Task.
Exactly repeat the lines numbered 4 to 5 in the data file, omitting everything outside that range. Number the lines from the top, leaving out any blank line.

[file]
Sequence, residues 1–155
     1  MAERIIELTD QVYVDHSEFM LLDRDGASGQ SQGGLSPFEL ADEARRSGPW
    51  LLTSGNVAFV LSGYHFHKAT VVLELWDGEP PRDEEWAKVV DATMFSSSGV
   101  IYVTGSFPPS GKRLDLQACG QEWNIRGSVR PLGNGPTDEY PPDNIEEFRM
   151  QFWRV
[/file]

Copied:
   101  IYVTGSFPPS GKRLDLQACG QEWNIRGSVR PLGNGPTDEY PPDNIEEFRM
   151  QFWRV